Nanny State

Published in The Music Network

 

Weak beer, lockouts, amnesty bins and sniffer dogs are all becoming regular sights and experiences for concert goers. Are the Australian authorities trying to take the fun out of live music?

“First smoking, now drinking… what’s next… a limit on sex?” Heaven forbid a ban on fornication. But in reality, it too wouldn’t get the nod from the authorities who patrol the live entertainment sector. The sarcastic “no sex” comment was lifted from a submission from the Big Day Out earlier this year in response to strict new licensing measures in Queensland. But its message sums up the frustrations of many in the live sector. Tightening rules instated by legislators and patrolled by law enforcers across the nation are annoying the punters, and squeezing the event organizer’s bottom line.

Citing “excessive alcohol consumption” and “unacceptable alcohol-fuelled” behaviour, Queensland’s alcohol licensing authority OLGR tackled the issue head-on when it enforced controversial changes mid-year to the current Liquor Act 1992. Among the policies was a rule, which took full strength beer off the menu at open-air events. Should a promoter fail to meet its guidelines, the event would not be able to obtain a permit.

“It’s an overregulated industry at the moment, and it’s only getting worse,” says Bevan Bickle, managing director of venues operator Katarzyna, whose portfolio of interests includes the Family nightclub in Brisbane. “Now we’ve got binge drinking taxes, increased operating costs due to new legislation. You’ve got to pay for more security staff, and your managers have to do special courses. The government will swear black and blue that the lockout is effective, but it’s a crock. In short, because you’ve got to fight the government on regulation and everything else, it distracts you from what you’ve got to do, which is keeping your business interests running.”

The “Nanny State” culture isn’t confined to Queensland. Go west, and the promoters there are confronted with a new level of regulation. Police in Western Australia have trialled ‘amnesty bins’ outside festivals, in reaction to the death in January of teenager Gemma Thoms, who had swallowed her stash of ecstasy tablets outside the gates of Perth’s Big Day Out in a panic to avoid the police presence. The bins first appeared at the March 8th Rock-It festival at Arena Joondalup, headlined by Kings of Leon and attended by 27,000 music lovers.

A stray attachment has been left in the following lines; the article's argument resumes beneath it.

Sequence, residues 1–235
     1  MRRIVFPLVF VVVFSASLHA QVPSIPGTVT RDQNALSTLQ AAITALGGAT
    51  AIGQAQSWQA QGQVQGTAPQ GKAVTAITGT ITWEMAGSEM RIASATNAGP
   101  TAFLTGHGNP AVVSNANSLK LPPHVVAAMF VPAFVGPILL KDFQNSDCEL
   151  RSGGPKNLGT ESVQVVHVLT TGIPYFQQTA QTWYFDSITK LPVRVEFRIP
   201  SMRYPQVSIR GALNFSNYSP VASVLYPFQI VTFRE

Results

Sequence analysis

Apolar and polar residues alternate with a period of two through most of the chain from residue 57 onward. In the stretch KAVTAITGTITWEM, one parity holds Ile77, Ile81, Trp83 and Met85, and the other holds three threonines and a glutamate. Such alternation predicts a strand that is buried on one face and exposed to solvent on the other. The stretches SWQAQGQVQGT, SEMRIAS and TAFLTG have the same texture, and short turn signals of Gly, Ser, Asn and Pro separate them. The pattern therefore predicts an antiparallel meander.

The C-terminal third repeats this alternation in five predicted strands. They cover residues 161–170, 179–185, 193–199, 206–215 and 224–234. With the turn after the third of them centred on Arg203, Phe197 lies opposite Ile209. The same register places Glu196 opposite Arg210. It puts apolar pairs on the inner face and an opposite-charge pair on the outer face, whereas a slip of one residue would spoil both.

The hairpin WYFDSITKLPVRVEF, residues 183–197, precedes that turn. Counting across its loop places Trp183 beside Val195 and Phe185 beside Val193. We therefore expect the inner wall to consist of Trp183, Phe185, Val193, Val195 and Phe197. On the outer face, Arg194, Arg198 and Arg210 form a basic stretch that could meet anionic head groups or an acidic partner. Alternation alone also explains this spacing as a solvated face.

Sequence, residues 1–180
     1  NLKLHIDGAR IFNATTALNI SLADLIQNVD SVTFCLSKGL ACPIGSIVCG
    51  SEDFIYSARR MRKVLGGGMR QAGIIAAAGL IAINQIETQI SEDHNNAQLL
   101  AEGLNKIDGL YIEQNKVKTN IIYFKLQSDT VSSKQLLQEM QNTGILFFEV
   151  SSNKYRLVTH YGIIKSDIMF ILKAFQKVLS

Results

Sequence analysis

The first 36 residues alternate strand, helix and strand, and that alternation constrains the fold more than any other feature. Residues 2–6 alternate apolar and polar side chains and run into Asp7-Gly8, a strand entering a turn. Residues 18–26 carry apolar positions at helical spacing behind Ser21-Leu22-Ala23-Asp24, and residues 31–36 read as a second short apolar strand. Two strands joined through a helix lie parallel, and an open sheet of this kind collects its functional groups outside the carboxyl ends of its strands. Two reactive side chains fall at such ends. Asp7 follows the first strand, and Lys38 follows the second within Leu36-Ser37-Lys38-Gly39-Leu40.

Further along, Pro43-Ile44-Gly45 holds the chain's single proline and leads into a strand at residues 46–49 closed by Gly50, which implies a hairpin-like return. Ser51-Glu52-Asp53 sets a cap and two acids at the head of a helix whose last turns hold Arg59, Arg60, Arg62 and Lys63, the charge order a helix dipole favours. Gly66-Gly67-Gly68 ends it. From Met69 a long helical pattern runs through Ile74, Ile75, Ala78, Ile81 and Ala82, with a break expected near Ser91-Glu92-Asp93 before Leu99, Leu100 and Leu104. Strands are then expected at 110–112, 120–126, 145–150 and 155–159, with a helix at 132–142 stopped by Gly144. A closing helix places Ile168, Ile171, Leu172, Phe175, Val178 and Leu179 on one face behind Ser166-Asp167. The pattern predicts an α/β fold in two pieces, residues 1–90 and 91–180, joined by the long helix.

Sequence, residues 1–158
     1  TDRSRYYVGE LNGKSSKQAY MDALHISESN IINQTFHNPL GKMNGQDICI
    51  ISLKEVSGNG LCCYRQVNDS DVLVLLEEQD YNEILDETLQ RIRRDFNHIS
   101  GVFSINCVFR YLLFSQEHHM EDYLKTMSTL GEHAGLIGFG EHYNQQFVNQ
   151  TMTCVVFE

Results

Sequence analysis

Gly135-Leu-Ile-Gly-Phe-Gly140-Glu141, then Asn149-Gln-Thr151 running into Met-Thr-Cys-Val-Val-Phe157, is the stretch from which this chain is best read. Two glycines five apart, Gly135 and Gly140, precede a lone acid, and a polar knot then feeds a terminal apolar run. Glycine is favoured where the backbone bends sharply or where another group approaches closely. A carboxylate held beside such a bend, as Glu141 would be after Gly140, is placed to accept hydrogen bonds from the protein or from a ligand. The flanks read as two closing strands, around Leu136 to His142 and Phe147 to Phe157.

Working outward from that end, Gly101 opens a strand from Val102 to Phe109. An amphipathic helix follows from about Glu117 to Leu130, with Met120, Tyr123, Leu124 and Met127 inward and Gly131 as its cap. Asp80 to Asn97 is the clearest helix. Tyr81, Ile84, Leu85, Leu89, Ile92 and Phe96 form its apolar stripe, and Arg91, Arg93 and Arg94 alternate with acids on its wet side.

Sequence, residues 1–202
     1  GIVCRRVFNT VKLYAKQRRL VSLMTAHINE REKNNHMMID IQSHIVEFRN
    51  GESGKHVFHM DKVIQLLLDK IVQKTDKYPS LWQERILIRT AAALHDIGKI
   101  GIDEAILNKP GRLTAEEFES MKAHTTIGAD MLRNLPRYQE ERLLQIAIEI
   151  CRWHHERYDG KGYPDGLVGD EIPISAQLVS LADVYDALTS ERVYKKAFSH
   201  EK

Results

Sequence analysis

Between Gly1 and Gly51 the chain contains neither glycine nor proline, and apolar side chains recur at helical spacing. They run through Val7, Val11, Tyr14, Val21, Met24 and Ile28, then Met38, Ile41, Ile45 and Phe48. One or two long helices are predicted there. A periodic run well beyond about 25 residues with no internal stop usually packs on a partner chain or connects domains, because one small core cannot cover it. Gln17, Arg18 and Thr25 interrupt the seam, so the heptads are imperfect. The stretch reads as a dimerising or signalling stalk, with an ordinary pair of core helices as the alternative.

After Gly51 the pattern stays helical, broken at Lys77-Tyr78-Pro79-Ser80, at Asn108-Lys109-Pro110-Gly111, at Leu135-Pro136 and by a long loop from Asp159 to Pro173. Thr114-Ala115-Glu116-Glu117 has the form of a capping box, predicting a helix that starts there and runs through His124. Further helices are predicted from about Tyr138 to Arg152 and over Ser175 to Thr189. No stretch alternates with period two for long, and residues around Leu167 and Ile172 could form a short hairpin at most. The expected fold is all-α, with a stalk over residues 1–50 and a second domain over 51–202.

“It was a fantastic gig, but (the police) ruined my show,” says Paul Sloan, managing director of Rock-It promoter and organizer Supersonic Enterprises. “You’ve got to ask the question, does having a dog sniff your balls when you come in and be made to line up for two hours, is that respectful of people? None of the enforcement policies around live music are relating to science in any way.”

Sloan organizes 400 shows a year, including 20 outdoor events. And he says his safety and best practice event management record is spotless. “I’ve done Rock-It 10 times, but why is it every time I’m getting more and more regulated. I’ve introduced lots of controls and measures to ensure people don’t fuck themselves up at shows. But I’m still getting 10-20% increase in regulation each time. If I’ve never had a major incident, it doesn’t follow that I have to pay for 100 police to be there.”

One blogger on The West Australian Web site summed up the debate, writing, “The drug bins are a waste of money and resources. Who is going to pay out cash for the drugs, take them to an event and then put them into a bin, please…”

The implications of tightening restrictions are many and varied. Training and policing costs could run into the tens of thousands of dollars, sums which would be absorbed into the ticket and bar price. On the other hand, tough rules on alcohol content and the number of purchases at the bar could sink takings, which for some events can account for well over 10% of revenue.

“Surely patrons attending a concert can decide for themselves what they want to drink and how much”, noted Brian Chladil, the local promoter for the BDO Gold Coast leg. “What happened to personal responsibility? Young people don’t need more controlling – they need leadership, example and guidance.”

Jam Music, organizers of the Good Vibrations festival on the Gold Coast, surveyed its 20,000-plus Queensland member database to draw feedback from its drinking age festival goers. More than 90% of respondents said they would be more likely to consume alcohol before attending a music festival if these conditions were put in place, and 95% felt they were responsible enough to self-regulate their drinking
 at a music festival.

“We question if the statutory objective of these proposed new liquor licensing conditions, that is, to minimise harm caused by alcohol, would in fact exacerbate it,” says festival director Jane English.

Sloan agrees that the real problem is much closer to home. “People go out later and drink more at home before going out,” he notes. “So venues have to deal with drunker people for less return, and then get pinned by the media for any trouble on the street. We’re seeing the degradation of live spaces in favour of bulk alcohol sales,” he says, “and that is a disaster.”


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